There is more than meets the eye when it comes to being a lumber associate. For example, did you know that they make an average of $9.89 an hour? That's $20,572 a year!
Between 2018 and 2028, the career is expected to grow -2% and produce -105,200 job opportunities across the U.S.
There are certain skills that many lumber associates have in order to accomplish their responsibilities. By taking a look through resumes, we were able to narrow down the most common skills for a person in this position. We discovered that a lot of resumes listed interpersonal skills, math skills and selling skills.
If you're interested in becoming a lumber associate, one of the first things to consider is how much education you need. We've determined that 19.8% of lumber associates have a bachelor's degree. In terms of higher education levels, we found that 0.8% of lumber associates have master's degrees. Even though some lumber associates have a college degree, it's possible to become one with only a high school degree or GED.
Choosing the right major is always an important step when researching how to become a lumber associate. When we researched the most common majors for a lumber associate, we found that they most commonly earn high school diploma degrees or bachelor's degree degrees. Other degrees that we often see on lumber associate resumes include associate degree degrees or diploma degrees.
You may find that experience in other jobs will help you become a lumber associate. In fact, many lumber associate jobs require experience in a role such as cashier. Meanwhile, many lumber associates also have previous career experience in roles such as sales associate or customer service representative.
Tell us your goals and we'll match you with the right jobs to get there.
As you move along in your career, you may start taking on more responsibilities or notice that you've taken on a leadership role. Using our career map, a lumber associate can determine their career goals through the career progression. For example, they could start out with a role such as delivery driver, progress to a title such as technician and then eventually end up with the title operations manager.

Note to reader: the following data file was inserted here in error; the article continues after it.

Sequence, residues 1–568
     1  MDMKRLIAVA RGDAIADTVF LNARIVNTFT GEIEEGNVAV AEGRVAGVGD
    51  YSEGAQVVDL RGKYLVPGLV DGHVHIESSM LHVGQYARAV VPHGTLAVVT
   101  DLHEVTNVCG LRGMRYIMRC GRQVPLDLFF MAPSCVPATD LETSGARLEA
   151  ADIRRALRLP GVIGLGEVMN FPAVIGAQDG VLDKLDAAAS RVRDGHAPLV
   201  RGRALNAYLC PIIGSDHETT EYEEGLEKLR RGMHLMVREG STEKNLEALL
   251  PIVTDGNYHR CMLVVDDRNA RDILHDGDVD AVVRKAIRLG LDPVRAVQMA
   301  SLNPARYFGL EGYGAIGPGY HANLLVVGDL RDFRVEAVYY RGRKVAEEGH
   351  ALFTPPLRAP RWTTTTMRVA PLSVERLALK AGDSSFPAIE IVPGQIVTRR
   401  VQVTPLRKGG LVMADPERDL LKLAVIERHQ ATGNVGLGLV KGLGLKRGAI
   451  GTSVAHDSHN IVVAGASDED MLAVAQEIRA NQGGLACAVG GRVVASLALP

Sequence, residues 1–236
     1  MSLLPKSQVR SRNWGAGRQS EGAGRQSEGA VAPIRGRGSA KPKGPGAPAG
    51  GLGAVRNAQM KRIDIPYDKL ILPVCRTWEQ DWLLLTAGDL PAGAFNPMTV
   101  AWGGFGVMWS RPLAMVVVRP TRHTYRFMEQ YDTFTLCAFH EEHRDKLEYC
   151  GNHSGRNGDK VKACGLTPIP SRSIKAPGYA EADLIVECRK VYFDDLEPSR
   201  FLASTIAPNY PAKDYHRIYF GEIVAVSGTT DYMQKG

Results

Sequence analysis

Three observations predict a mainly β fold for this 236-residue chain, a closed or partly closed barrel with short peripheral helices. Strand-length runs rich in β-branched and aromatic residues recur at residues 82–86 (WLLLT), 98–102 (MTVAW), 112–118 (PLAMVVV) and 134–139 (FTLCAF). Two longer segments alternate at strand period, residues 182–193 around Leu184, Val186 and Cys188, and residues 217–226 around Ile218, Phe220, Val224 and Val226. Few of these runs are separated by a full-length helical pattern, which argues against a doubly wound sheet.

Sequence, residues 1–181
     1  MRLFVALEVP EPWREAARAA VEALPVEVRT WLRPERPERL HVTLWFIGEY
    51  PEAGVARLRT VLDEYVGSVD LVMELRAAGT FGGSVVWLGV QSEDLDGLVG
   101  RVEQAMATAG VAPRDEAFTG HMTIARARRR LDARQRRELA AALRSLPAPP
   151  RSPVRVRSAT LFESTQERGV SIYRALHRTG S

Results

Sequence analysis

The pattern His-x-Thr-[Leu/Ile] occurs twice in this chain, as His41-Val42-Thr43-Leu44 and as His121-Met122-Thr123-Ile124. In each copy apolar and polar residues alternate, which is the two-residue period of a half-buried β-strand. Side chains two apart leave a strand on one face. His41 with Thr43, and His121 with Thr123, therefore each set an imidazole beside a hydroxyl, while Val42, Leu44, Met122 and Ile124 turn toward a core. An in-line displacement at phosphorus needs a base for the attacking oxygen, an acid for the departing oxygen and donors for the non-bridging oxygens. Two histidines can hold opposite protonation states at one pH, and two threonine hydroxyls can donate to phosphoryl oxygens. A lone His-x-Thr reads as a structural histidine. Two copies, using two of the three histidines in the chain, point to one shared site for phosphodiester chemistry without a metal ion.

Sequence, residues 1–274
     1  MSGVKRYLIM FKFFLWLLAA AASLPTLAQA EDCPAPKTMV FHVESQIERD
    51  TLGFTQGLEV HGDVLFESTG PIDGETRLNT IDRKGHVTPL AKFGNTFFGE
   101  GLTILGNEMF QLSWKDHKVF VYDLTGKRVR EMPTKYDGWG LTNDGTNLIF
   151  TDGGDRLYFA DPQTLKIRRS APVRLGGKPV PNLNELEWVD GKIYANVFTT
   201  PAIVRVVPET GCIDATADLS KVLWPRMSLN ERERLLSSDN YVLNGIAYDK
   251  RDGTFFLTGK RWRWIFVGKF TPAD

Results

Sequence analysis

Tell us your goals and we'll match you with the rights job to get there.
Lumber Yard Associate
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Use Zippia's Salary Calculator to see how your pay matches up.
Designing and figuring out what to include on your resume can be tough, not to mention time-consuming. That's why we put together a guide that is designed to help you craft the perfect resume for becoming a Lumber Associate. If you're needing extra inspiration, take a look through our selection of templates that are specific to your job.
Lumber Associate2020 - Present
Lumber Yard Worker2010 - 2020
United Parcel Service•Indianapolis, IN
Key Holder/Manager2009 - 2010
Dollar General•Marion, IN
Some College Courses In Cosmetology2009 - 2009
Remington College•Colorado Springs, CO
Lumber Associate2013 - Present
WalmartLas Vegas, NV
Lumber Yard Worker2005 - 2013
The Home DepotLos Angeles, CA
Backroom Associate2004 - 2005
BurlingtonSan Bernardino, CA
High School Diploma In null2004 - 2004
Las Vegas, NV
Lumber Associate2019 - Present
Lawn And Garden Associate2018 - 2019
Backroom Associate2008 - 2018
High School Diploma of null2008 - 2008
Learn How To Write a Lumber Associate Resume
At Zippia, we went through countless Lumber Associate resumes and compiled some information about how to optimize them. Here are some suggestions based on what we found, divided by the individual sections of the resume itself.View Lumber Associate Resume Examples And Templates
Hispanic or Latino
Black or African American
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The skills section on your resume can be almost as important as the experience section, so you want it to be an accurate portrayal of what you can do. Luckily, we've found all of the skills you'll need so even if you don't have these skills yet, you know what you need to work on. Out of all the resumes we looked through, 30.8% of lumber associates listed customer service on their resume, but soft skills such as interpersonal skills and math skills are important as well.
Some places are better than others when it comes to starting a career as a lumber associate. The best states for people in this position are Washington, North Dakota, California, and Oregon. Lumber associates make the most in Washington with an average salary of $31,112. Whereas in North Dakota and California, they would average $29,773 and $29,621, respectively. While lumber associates would only make an average of $29,502 in Oregon, you would still make more there than in the rest of the country. We determined these as the best states based on job availability and pay. By finding the median salary, cost of living, and using the Bureau of Labor Statistics' Location Quotient, we narrowed down our list of states to these four.